Frontline Learning Research

Rethinking Pedagogical Use of Eye Trackers for Visual Problems with Eye Gaze Interpretation Tasks

Written by David John and Ritayan Mitra (15 November 2023)

Eye tracking technology enables the visualisation of a problem solver's eye movement while working on a problem. The eye movement of experts has been used to draw attention to expert problem solving processes in a bid to teach procedural skills to learners. Such affordances appear as eye movement modelling examples (EMME) in the literature. This work intends to further this line of work by suggesting how eye gaze data can not only guide attention but also scaffold learning through constructive engagement with the problem solving process of another human. Inferring the models’ problem solving process, be it that of an expert or novice, from their eye gaze display would require a learner to make interpretations that are rooted in the knowledge elements relevant to such problem solving. Such tasks, if designed properly, are expected to probe or foster a deeper understanding of a topic as their solutions would require not only following the expert gaze to learn a particular skill, but also interpreting the solution process as evident from the gaze pattern of an expert or even of a novice. This position paper presents a case for such tasks, which we call eye gaze interpretation (EGI) tasks. We start with the theoretical background of these tasks, followed by a conceptual example and representation to elucidate the concept of EGI tasks. Thereafter, we discuss design considerations and pedagogical affordances, using a domain-specific (chemistry) spectral graph problem. Finally, we explore the possibilities and constraints of EGI tasks in various fields that require visual representations for problem solving.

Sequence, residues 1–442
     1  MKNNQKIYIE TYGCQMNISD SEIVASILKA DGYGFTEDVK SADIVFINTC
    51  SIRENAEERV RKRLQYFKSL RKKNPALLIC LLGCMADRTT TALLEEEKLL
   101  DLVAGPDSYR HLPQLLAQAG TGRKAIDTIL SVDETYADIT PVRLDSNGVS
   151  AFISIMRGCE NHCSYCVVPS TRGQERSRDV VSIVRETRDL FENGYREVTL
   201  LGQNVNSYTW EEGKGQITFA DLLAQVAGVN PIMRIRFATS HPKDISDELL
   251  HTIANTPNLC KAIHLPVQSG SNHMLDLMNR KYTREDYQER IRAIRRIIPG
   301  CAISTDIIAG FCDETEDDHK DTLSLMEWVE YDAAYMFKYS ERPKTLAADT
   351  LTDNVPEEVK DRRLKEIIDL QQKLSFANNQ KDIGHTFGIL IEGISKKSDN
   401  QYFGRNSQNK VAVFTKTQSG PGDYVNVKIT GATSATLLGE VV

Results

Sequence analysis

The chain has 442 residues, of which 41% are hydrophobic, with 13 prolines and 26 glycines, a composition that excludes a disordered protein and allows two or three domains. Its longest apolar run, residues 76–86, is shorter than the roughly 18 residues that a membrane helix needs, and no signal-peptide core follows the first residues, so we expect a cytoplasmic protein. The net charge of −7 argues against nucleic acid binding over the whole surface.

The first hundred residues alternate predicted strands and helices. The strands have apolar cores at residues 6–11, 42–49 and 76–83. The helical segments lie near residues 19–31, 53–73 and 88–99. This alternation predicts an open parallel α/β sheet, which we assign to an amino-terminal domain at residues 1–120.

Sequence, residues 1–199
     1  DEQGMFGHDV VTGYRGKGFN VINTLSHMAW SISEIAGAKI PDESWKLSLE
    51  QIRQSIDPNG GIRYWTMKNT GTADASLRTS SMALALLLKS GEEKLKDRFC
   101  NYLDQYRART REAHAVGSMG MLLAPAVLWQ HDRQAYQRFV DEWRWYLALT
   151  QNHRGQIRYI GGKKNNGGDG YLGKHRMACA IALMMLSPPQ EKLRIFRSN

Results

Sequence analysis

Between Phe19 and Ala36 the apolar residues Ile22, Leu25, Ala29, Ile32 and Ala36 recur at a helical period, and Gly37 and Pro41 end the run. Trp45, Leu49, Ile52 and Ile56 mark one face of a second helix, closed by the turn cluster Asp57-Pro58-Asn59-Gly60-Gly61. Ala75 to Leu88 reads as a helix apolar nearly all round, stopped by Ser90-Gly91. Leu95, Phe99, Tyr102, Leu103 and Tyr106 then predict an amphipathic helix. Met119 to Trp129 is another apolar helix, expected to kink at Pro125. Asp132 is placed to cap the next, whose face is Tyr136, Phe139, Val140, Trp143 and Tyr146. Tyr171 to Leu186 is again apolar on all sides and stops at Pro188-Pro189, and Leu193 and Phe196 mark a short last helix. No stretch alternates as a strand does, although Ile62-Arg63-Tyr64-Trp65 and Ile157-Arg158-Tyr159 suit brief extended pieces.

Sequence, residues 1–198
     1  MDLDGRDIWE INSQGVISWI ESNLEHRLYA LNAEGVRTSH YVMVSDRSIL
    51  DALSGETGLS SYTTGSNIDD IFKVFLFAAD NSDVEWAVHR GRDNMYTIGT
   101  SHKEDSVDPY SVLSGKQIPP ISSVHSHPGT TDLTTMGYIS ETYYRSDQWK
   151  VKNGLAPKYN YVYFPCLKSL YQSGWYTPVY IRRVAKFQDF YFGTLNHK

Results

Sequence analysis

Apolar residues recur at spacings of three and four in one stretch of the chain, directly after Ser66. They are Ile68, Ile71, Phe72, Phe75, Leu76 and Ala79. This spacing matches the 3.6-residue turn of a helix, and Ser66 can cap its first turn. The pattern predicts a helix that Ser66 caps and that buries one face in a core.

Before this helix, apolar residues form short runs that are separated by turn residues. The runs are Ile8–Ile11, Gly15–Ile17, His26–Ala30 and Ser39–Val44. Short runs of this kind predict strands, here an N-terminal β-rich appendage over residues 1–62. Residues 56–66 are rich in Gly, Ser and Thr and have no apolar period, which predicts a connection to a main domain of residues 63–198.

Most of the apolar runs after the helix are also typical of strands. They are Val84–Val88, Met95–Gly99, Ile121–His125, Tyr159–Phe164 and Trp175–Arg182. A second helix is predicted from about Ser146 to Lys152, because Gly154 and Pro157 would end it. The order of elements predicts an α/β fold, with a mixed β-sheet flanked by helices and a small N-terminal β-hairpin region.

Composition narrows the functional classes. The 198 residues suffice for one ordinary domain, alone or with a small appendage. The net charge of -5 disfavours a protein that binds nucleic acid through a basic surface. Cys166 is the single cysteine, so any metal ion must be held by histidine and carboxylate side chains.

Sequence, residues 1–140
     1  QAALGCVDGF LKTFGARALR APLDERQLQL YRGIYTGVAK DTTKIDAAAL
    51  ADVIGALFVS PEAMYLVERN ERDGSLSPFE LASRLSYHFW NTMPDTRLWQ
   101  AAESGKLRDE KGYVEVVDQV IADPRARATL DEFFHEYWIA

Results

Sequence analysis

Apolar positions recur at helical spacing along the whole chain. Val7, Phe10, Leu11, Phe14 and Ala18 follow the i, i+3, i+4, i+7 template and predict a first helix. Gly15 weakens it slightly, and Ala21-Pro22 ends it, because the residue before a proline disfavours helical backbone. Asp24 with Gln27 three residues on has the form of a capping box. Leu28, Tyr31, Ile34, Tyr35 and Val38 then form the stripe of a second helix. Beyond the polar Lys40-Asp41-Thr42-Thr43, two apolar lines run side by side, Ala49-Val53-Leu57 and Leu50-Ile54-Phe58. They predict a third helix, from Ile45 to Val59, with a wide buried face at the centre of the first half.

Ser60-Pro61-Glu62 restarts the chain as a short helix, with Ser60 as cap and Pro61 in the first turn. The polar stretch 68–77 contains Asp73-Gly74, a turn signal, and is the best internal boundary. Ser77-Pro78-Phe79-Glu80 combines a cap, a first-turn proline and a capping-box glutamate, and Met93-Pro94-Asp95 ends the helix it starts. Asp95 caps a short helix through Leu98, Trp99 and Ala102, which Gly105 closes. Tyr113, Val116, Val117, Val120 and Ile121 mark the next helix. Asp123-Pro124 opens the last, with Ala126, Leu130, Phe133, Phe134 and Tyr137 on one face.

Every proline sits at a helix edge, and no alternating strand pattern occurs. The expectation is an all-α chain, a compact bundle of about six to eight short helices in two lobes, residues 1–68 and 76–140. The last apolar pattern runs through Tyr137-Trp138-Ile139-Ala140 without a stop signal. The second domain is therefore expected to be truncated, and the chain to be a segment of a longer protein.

Read full article